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April 5, 2004
Dodgers Land Bradley, Hope He's Not Sheffield

The Los Angeles Dodgers, who have underachieved for several years and haven't won a playoff game since Orel Hershiser beat the A's in 1988, finally pulled the trigger on a major trade for a big-time hitter ... but somehow this sounds familiar:

If all goes well, Milton Bradley will be that long-awaited impact hitter, stirring a dormant Dodger offense to life and displaying his supreme talent for the hometown fans. If not, he'll be the guy who displaced an entire outfield on the eve of the season opener, a volatile personality injected into the clubhouse of a manager whose contract expires at the end of the season.

New owner Frank McCourt promised a big bat before the season started, and new General Manager Paul DePodesta delivered with 24 hours to spare, but only after the Cleveland Indians basically fired Bradley for misbehavior. The Dodgers gambled on him Sunday, trading their best outfield prospect for one of the most explosive players in the game, in every sense of the word.

New GM DePodesta had just been derided over the weekend by the LA Times' T.J. Simers as The Lightweight GM for failing to make a trade or a free-agent signing for the big bat the Dodgers needed this season (well, OK, that they need every season), but that was more than a little unfair; after all, McCourt hired him after the free-agent frenzy and most of the trading had been completed. The previous GM had the chance to trade for Richie Sexson, who would have been a better fit -- more on that in a minute -- but refused to give up Franklin Gutierrez, who got a lot more expendable in the new regime.

So how does a guy like Milton Bradley become available on the eve of Opening Day, considering that he hit .321 last year with a .421 OBP? Well ...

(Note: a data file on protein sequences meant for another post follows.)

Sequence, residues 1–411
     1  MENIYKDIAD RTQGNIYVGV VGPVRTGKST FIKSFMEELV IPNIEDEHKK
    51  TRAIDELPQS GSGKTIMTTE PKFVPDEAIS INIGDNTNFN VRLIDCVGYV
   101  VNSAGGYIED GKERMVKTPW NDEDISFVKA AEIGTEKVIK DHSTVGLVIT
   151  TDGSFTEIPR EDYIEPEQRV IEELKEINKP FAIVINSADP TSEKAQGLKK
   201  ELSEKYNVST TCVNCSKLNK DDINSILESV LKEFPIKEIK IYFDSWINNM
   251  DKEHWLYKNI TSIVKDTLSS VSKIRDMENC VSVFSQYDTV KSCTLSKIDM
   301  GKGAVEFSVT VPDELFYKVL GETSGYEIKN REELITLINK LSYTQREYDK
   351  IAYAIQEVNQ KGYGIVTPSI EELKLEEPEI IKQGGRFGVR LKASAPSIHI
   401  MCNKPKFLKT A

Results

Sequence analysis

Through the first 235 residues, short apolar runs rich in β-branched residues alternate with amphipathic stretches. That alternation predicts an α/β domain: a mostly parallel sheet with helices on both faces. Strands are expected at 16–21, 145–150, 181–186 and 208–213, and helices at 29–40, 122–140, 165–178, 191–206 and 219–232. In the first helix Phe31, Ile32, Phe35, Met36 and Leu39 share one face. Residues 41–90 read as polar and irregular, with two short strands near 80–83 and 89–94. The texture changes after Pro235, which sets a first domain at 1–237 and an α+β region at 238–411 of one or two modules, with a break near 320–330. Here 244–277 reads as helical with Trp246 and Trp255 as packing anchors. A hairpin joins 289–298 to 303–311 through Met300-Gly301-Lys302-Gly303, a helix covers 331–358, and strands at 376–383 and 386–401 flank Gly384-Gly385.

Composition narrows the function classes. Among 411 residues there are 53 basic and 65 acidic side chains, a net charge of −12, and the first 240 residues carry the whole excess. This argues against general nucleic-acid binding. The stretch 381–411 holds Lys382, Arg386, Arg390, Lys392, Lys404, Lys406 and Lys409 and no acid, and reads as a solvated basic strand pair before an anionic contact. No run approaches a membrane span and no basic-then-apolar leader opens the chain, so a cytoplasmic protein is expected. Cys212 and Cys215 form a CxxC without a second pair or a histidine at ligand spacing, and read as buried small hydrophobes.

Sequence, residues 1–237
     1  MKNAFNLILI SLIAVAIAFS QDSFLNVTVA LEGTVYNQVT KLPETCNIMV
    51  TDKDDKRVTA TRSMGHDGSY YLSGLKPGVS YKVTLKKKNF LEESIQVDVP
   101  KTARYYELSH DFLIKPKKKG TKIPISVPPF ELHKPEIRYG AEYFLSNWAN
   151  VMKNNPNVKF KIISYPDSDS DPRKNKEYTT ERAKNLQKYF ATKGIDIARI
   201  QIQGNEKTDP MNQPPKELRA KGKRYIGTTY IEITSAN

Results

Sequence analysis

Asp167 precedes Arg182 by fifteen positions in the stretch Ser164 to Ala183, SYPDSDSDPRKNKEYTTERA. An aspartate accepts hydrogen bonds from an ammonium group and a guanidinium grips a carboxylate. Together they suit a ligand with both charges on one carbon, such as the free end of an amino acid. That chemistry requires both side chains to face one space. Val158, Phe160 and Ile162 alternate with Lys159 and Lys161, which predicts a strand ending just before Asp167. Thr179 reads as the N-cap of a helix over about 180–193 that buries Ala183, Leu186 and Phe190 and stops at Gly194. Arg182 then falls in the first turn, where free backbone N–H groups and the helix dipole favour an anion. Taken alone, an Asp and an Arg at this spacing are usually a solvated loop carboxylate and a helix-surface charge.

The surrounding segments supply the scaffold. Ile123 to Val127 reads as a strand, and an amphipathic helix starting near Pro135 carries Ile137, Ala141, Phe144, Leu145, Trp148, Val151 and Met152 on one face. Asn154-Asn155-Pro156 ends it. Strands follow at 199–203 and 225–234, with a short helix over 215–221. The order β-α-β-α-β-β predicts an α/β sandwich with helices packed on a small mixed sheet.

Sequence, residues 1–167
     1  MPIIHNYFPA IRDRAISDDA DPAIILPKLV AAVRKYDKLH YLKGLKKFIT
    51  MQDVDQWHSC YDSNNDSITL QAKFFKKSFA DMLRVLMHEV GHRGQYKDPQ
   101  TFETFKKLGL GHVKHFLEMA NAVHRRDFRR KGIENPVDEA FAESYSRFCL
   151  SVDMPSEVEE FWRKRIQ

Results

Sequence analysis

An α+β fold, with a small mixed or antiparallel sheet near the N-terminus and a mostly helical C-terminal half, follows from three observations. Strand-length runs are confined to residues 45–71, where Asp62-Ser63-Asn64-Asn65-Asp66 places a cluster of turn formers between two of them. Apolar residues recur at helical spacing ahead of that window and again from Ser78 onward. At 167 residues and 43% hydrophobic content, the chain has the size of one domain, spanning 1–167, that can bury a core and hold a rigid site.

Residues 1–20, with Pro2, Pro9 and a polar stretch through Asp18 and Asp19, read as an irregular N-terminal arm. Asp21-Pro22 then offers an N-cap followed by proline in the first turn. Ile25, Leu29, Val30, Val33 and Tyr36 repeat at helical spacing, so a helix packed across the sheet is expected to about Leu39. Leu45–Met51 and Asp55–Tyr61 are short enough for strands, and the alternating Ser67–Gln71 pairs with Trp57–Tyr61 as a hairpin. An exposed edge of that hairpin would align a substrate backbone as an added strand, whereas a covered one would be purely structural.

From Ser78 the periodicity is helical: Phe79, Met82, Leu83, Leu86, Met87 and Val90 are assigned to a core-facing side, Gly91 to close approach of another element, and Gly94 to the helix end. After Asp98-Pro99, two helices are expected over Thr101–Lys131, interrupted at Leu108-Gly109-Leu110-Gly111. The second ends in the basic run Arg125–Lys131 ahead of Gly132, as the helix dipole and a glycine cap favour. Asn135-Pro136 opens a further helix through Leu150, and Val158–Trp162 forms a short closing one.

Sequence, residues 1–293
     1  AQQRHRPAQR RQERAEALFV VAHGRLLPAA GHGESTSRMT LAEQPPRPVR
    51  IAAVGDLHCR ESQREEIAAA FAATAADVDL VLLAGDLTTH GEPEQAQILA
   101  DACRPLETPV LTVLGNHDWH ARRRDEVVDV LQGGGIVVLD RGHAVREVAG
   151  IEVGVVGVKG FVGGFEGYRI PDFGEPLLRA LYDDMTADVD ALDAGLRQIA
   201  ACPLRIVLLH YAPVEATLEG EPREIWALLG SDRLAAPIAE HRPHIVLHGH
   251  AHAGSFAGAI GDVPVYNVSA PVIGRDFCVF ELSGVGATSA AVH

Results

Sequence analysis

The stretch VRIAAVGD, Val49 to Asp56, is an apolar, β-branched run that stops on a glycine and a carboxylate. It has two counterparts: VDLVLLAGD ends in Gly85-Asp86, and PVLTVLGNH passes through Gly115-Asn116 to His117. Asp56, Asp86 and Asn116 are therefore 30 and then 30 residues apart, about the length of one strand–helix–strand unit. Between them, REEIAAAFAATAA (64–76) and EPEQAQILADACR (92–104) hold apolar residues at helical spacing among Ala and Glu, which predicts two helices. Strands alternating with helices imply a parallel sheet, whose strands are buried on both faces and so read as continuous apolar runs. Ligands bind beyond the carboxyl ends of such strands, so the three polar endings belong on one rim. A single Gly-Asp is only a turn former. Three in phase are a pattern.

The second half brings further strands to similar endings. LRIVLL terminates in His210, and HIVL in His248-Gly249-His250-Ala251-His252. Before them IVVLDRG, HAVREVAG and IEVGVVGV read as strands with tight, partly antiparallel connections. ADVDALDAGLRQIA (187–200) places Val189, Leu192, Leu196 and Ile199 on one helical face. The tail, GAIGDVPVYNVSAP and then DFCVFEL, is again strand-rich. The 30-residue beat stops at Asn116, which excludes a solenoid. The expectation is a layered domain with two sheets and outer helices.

The Indians had made Bradley their cleanup hitter, but after he failed to run out a popup last Wednesday and subsequently argued with Manager Eric Wedge, they announced they would trade him. ... In February he was sentenced to three days in jail after failing to pull over as ordered by Ohio police last year. In 2001 he was taken to a hospital after refusing to leave a restaurant when drunk.

Great. It sounds like they traded for another immature prima donna with clubhouse issues. Didn't we go down this road with Gary Sheffield, who hit well but spent most of his LA career whining about his pay and accusing management of racism for not renogotiating his contract after his first couple of seasons with the club? Instead of Sexson, who played first base and had no "citizenship" issues, now we get Bradley, whose presence requires a major reshuffling of the lineup. Dave Roberts, the speedster who leads off for LA, moves from center to left, Juan Encarnacion moves from left to right, and Shawn Green moves from right to first base.

On the night before the opener.

If this works, of course, DePodesta is a genius, but even if it doesn't, this was the best deal he could get. And that's a pretty poor reflection on the previous ownership of a club that had the second-highest payroll in the league last year.

Sphere It Digg! View blog reactions
Posted by Ed Morrissey at April 5, 2004 5:38 AM

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